Mother Nature pulled a mean trick on us here on Daegu. It was hot and humid but we were used to it and surviving. Then it got nice and cool and we were ecstatic. We pulled out our jeans and sweaters and were living it up for two days. And then it got horribly humid again but this time it felt worse because we had enjoyed the fresh cool air. We basically felt like we were going to die yesterday and ended up with some pretty cranky kids as a result. I threw some shikhye (rice lemonade? It is sweet and refreshing) their way, along with their favorite Popsicles. Speaking of horrible humidity, we don't have an air conditioner here. Ok, we kind of do. I see one in Halmoni's apartment but it has never been on and isn't plugged in. We've been ok as we keep the windows open and normally have a nice breeze going on. Honestly, the worse part about the humidity is the laundry. It takes forever and a day for your clothes to dry when the air is dripping with water. It took two days for a load to dry once.
We wandered to Gyeongsan Sijang yesterday to kill some time before the girls had mutual. There was plenty of veggies, fruit and street food. (Oh-dang for dinner, hotteok for dessert.) Our best find was a resale shop as it was much less expensive than in downtown Daegu. We got a cute skirt, some shirts (one with a cute peter pan collar) and a dress for 10,000 won. The sister missionaries say there are tons of resale shops in the area but I only found the one so I'm looking forward to finding more! The girls are enjoying exploring the different styles in Korea. Forever 21 is Korean owned so it is a little bit like shopping there. The seem to have an abundance of midi skirts (don't worry, the mini skirt is everywhere, too!) and cute jumpers. The fanny pack is alive and kicking here but it is worn more as a cross body. Our family now has 3 fanny pack owners. Oh, dear. The couple tee is real and the girls love spotting it in the wild. Couple shoes, couple outfits, couple phone cases. Sadie Hawkins on a date. It's kind of sweet. I like Autumn's summary of couple tees. "It gives you something else to burn when you break up!"
Ooh. Halmoni comes today. (As in Chris' mom.) I am not quite sure how it will change the dynamics of our trip but we're excited for her to come. We will still go to school while she's here but we'll take days off here and there for things like going to Jeju Island! (Korea's Hawaii)
The local branch here has family home evening every Monday evening but we've been traveling so much that we've only got to go once. Tonight was a must because a very sweet Halapoji in the branch was teaching "well being exercises". Think Korean yoga/stretching. He has done these stretches everyday for 7 years and is pretty die hard about it. It was just us, the missionaries and another sister in the ward and boy did he give us a run for our money. There was one stretch in particular where this 75 year old man was almost in the splits and the put his nose to the ground. We all had our legs at about a 90 degree angle and couldn't get close to the ground. It was pretty impressive. Our new Korean word from the night? 보라 (bo-la) means something along the lines of "ok, you've tortured yourself enough in that position...let's move on. It seems like an important word. Tonight it was our favorite. This particular Halapoji is one of my favorites in the ward already. He is great at annunciation and reading with lots of feeling. This makes it so much easier for me to follow along as he reads and raises the odds of my picking up a few words. He also speaks with a lot of passion, which is probably why the annunciation happens. I appreciate it nonetheless.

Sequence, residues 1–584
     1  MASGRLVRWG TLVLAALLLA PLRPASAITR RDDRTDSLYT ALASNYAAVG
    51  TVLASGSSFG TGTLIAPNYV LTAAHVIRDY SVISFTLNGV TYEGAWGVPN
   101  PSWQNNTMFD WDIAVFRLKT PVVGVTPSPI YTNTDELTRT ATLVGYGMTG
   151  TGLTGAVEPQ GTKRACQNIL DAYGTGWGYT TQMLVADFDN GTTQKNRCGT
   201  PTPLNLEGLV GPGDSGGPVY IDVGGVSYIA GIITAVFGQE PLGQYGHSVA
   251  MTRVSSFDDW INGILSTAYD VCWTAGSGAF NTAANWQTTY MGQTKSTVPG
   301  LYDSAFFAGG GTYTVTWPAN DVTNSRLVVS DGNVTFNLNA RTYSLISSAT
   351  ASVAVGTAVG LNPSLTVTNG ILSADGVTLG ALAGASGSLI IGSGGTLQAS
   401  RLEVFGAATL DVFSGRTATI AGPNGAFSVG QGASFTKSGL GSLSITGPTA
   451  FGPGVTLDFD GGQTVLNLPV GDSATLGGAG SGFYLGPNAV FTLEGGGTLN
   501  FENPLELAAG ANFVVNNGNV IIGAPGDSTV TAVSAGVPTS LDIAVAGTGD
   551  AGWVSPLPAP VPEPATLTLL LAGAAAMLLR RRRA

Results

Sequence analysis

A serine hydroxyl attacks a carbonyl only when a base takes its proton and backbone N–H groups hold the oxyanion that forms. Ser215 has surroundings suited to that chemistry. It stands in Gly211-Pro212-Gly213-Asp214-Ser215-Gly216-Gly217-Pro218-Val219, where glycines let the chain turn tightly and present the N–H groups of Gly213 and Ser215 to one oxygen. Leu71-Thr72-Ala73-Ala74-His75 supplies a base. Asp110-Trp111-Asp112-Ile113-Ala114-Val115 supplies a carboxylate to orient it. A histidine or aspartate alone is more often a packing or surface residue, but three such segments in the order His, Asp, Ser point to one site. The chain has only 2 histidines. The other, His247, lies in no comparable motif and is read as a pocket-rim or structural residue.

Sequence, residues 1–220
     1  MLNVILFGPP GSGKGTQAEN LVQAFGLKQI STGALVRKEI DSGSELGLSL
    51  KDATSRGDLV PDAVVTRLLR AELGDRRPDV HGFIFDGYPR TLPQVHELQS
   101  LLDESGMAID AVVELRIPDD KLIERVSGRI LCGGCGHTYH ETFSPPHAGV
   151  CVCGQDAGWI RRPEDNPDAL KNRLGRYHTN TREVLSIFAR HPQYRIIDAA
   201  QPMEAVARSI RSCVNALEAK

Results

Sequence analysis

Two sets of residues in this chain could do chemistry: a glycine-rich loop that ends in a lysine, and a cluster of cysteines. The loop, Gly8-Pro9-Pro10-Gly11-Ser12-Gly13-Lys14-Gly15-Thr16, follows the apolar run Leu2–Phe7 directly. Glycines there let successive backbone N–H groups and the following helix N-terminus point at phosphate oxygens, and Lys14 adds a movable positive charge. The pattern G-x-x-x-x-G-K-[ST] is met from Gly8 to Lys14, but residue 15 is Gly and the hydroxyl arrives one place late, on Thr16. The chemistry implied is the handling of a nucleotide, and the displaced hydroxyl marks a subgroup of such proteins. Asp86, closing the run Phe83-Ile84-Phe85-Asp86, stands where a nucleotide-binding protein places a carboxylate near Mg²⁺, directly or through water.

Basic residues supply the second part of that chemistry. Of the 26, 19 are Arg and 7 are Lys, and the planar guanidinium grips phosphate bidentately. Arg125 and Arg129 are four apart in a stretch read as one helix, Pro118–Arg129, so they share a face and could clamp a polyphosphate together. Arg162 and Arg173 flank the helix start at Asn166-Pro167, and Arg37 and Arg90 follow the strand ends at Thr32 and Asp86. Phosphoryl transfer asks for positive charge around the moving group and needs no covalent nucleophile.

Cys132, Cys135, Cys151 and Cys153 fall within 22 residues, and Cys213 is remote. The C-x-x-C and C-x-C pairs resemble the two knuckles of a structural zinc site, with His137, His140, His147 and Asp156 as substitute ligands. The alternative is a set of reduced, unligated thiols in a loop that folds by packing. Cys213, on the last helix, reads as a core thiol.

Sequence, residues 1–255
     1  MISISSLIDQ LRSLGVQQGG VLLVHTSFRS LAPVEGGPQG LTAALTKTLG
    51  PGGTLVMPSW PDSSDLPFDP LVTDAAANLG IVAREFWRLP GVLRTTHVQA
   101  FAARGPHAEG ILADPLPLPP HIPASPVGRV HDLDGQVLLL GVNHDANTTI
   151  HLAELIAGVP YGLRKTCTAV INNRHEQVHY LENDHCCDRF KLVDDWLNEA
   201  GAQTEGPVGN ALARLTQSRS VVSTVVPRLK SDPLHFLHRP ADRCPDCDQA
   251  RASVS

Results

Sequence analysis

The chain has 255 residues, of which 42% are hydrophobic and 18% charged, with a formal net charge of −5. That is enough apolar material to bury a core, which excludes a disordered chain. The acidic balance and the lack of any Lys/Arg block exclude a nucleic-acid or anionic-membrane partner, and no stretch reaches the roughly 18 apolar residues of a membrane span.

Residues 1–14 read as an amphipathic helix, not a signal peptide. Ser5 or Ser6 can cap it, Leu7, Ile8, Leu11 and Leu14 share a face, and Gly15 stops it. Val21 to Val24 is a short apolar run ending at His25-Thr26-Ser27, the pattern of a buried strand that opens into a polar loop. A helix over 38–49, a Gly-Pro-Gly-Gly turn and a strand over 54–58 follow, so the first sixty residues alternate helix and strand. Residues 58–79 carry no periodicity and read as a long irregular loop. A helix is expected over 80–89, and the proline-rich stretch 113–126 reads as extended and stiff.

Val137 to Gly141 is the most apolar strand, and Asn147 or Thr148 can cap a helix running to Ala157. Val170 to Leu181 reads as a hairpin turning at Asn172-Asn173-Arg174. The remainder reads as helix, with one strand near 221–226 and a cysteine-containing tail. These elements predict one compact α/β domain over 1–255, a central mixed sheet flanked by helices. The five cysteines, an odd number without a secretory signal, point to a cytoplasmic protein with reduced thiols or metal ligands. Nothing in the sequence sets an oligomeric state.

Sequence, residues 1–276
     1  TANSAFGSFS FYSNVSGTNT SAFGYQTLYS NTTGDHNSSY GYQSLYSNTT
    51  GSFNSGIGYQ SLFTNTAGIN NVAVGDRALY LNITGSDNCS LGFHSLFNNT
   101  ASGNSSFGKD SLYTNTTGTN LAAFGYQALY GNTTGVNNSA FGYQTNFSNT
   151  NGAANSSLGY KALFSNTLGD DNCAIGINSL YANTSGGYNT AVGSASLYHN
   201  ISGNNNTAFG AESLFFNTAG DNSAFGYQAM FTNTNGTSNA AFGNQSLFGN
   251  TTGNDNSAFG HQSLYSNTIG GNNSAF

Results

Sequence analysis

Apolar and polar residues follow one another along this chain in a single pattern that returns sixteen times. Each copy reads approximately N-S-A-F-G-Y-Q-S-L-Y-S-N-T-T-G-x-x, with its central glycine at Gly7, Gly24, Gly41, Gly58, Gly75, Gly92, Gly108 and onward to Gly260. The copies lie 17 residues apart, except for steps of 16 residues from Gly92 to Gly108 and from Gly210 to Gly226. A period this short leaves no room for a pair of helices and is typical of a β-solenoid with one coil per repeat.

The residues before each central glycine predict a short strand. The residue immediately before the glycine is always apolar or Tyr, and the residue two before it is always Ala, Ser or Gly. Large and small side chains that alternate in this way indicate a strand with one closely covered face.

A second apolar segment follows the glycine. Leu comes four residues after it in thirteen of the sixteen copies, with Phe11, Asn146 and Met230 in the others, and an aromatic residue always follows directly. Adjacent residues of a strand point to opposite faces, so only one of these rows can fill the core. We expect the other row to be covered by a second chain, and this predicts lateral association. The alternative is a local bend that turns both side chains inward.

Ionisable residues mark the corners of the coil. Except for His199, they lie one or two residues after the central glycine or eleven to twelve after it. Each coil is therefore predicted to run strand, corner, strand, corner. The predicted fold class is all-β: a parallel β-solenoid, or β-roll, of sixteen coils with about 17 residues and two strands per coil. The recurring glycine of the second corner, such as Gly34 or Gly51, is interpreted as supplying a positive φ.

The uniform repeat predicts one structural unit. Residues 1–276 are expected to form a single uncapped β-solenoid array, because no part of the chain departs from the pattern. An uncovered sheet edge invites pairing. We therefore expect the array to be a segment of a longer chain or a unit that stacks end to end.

My Korean class is only twice a week for an hour and a half so up to now I've been riding the bus with the kids and twiddling my thumbs for the time that I'm not in class. I study. I walk around the local market. I do a little bit of sightseeing. I just have to do it in 2 hour increments so I can come back and have lunch with them. Today we got brave and I left them after lunch. My theory was that their bus would be heading towards our home, making it less likely that they would get lost in the middle of Daegu. The scariest part? Chloe's unpredictable sense of direction. It's either really good or...really bad. I headed home pretty nervous but ultimately felt like they would get home safely. Halmoni and her friend were home so I got to practice a lot of Korean for a couple of hours. I think it went ok but I said "I don't understand" and "please say it again" a lot! I then got a text from Chris. He couldn't sleep. Apparently someone was more worried than I was about the girls! We talked for a while and when the girls finally walked through the door, Chris was relieved and went back to bed. I know this doesn't seem noteworthy, but with me winning the award for worry wart at our house, it was nice to have someone else be more concerned than me. Of course, it was only nice because the girls all got home safely. The local buses are used mainly by students, Halmonis and Halapojis. Because they are so commonly used for transportation, they feel so much safer than in the US. Everyone is also pretty mindful of the littles, especially Lilly. They give her their seat, pat her cheeks and call her cute. The seat is definitely the best part of the deal.